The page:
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Script Of A Treason That Never Was

Script Of A Treason That Never Was

It was Wednesday the 1st day of the new month of July in 2020. The outside scenery of the incident under review took place on a dark and wet evening in the deserted streets of Freetown, around the famous cotton tree area that is the quintessential landmark of this old city. Adjacent to this historical edifice sits the Courts of superior judicature especially the High Courts of the Land. The event unfolding was a returning jury in a trial of treason among other gun related felonies that involved a former Minister of the erstwhile APC Government, the Deputy Commissioner of the Small Arms Commission and a former paymaster at the Republic of Sierra Leone Armed Forces. Their verdict was not guilty of 14 out of the 16 counts faced by the former Minister while the other two accused were freed on all the counts they faced.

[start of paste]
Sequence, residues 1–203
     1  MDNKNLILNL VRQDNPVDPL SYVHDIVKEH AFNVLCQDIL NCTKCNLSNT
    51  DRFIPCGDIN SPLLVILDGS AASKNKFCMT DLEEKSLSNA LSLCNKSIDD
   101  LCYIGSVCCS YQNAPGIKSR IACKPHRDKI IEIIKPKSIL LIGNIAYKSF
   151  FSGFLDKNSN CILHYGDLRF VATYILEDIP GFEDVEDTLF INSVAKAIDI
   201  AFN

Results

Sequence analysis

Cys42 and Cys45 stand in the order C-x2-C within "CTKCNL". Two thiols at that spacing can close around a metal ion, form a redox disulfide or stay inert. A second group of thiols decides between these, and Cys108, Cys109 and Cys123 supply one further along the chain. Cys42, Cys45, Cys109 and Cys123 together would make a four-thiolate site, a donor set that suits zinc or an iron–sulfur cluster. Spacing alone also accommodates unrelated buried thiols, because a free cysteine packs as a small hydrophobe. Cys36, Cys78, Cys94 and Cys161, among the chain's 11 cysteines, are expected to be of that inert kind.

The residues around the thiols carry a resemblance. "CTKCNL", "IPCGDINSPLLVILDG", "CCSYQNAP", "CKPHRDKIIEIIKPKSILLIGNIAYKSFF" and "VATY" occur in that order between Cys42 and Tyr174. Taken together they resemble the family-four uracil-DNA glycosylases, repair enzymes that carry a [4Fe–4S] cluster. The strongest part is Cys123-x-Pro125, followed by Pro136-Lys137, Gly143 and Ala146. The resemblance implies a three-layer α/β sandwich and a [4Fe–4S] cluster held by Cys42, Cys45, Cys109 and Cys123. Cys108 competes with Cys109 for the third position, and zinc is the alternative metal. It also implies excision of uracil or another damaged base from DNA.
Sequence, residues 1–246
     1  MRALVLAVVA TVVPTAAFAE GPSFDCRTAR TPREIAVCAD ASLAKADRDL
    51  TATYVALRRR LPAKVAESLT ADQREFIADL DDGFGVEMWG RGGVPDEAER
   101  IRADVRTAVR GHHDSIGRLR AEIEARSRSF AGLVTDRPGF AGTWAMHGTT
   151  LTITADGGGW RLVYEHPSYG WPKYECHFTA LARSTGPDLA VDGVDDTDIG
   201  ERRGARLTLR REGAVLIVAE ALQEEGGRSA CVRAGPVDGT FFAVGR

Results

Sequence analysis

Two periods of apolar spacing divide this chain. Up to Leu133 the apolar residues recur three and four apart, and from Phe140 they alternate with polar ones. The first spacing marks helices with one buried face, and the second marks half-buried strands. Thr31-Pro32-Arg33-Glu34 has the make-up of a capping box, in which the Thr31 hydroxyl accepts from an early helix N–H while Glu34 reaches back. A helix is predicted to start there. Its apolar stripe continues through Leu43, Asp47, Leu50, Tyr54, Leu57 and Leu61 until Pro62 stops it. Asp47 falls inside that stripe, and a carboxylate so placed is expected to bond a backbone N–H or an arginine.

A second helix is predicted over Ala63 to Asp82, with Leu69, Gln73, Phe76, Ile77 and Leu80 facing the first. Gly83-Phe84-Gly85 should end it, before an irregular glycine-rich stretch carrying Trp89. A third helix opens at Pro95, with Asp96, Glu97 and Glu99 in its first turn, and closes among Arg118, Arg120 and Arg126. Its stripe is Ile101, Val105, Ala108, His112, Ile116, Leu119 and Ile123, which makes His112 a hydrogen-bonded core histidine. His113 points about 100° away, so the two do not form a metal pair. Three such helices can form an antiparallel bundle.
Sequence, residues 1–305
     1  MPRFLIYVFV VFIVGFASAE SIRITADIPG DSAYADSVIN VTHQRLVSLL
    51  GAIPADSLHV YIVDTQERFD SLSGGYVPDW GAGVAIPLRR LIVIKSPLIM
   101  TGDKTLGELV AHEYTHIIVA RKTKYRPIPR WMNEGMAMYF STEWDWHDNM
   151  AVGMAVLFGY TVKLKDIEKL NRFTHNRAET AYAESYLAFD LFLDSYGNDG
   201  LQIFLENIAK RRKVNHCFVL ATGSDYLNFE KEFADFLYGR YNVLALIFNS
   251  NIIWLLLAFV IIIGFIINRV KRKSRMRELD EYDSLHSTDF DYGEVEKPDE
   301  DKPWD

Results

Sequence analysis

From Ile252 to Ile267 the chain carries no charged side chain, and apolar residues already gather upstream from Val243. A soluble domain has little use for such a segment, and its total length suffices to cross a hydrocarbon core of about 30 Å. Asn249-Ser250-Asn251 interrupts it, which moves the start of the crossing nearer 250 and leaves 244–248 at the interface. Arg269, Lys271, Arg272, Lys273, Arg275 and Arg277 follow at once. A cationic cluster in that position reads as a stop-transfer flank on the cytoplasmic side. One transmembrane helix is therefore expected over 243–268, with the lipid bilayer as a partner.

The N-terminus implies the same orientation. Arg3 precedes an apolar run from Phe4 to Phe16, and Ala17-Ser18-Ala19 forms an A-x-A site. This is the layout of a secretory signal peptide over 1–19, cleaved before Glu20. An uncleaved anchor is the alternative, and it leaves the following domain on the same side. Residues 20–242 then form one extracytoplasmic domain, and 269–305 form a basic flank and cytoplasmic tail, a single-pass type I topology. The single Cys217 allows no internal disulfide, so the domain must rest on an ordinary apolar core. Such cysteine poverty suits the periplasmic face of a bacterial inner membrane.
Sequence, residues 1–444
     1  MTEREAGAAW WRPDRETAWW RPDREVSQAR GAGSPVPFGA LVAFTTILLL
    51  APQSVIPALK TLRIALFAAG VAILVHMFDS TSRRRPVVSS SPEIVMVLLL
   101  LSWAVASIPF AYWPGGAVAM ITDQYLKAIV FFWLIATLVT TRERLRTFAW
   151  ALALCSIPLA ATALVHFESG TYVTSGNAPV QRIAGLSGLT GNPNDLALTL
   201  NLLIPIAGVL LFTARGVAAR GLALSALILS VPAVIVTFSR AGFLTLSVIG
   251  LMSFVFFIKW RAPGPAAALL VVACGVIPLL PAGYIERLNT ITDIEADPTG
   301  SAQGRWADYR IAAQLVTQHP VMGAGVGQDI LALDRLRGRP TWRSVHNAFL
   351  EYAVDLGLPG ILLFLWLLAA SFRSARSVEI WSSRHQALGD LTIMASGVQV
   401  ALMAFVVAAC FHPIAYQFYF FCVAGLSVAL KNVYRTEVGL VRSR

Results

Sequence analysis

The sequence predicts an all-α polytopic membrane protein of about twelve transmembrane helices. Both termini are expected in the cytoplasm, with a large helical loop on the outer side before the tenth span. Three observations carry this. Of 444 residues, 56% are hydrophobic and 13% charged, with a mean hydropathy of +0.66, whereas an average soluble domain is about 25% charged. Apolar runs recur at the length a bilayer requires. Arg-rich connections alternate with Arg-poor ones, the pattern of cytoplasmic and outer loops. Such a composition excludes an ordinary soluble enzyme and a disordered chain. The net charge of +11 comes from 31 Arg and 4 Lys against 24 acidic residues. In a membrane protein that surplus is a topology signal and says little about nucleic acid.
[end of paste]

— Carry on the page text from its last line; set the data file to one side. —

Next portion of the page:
The trial which took slightly over a month has been the topic of conversation in the lips of Sierra Leoneans from all walks of life and most especially the unemployed who were greatly disadvantaged by the negative socio-economic consequences of this perceived security threat. With the central area of the business district of Freetown always cordoned off whenever the Court trying the matter sits which happened most of the time in the last two months, the pace of recovery of the ailing economy of our country further stalled by the corona virus pandemic was intermittently arrested if not suffocated by the proceedings and its security ramifications.